Another Fine Mess

So what happened? How did we come back in a full circle? Through a careful whittling away of the legislation through intensive and sustained lobbying by special interest groups, starting as far back as 1980 with the Depository Institutions Deregulation and Monetary Control Act.

This allowed banks to merge. Subsequent decisions by the Federal Reserve Board in 1986 and 1987, after the Board heard proposals from Citicorp, J.P. Morgan and Bankers Trust advocating the loosening of Glass-Steagall restrictions, further undermined the regulatory effects of the the Banking Act of 1933. For a full account of the various steps, see HERE.

The record shows a Federal Reserve Board, at the very least, flawed by its willingness to accept the demands of institutions to circumvent the laws were designed to regulate and control precisely those sectors.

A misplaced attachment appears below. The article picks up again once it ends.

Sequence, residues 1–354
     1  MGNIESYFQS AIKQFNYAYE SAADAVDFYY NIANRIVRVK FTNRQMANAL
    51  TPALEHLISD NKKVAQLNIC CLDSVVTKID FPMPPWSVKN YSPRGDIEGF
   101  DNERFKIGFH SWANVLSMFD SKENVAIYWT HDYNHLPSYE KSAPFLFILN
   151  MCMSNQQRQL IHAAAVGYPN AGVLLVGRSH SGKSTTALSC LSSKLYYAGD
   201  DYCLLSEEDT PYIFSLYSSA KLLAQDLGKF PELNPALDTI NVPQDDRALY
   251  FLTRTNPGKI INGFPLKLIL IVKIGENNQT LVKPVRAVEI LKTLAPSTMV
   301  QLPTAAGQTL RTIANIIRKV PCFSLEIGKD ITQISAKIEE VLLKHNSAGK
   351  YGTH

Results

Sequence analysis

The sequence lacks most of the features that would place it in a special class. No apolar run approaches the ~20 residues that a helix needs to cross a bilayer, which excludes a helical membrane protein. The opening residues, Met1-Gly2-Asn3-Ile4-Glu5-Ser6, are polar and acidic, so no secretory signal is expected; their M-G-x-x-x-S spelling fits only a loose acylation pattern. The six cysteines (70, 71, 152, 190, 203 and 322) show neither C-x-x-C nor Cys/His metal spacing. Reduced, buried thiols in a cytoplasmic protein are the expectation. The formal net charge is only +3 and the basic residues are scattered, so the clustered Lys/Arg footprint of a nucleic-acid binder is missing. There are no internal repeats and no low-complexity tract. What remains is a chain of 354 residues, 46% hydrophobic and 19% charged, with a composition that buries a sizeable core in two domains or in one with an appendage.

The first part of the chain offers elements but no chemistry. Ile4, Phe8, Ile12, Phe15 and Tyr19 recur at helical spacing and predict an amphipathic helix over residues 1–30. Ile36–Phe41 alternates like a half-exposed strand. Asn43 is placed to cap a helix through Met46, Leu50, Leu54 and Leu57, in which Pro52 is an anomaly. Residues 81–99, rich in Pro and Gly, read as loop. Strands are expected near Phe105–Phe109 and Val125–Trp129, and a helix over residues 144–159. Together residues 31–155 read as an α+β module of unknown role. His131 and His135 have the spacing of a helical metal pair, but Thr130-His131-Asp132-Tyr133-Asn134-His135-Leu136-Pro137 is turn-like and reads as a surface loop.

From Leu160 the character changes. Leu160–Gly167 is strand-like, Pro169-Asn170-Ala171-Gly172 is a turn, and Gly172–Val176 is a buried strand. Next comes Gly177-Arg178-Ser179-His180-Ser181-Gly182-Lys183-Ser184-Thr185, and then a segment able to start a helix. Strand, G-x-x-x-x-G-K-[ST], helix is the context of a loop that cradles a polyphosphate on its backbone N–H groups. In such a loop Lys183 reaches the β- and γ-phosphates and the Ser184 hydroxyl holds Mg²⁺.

Finally- perhaps inevitably- the Banking Act of 1933 was repealed in 1999 by the Gramm-Leach-Bliley Act. The legislation was signed into law by President Bill Clinton on November 12, 1999. From there, it was a slow predictable march to the sorry mess of 2009.

Greed is Good?

What on earth could have persuaded, sensible people with all the wisdom a chastising experience as the Great Depression, to lift restrictions and to deregulate and repeal? The only answer seems to be the temptation of tremendous profits that de-regulation allowed financial institutions. In short, greed.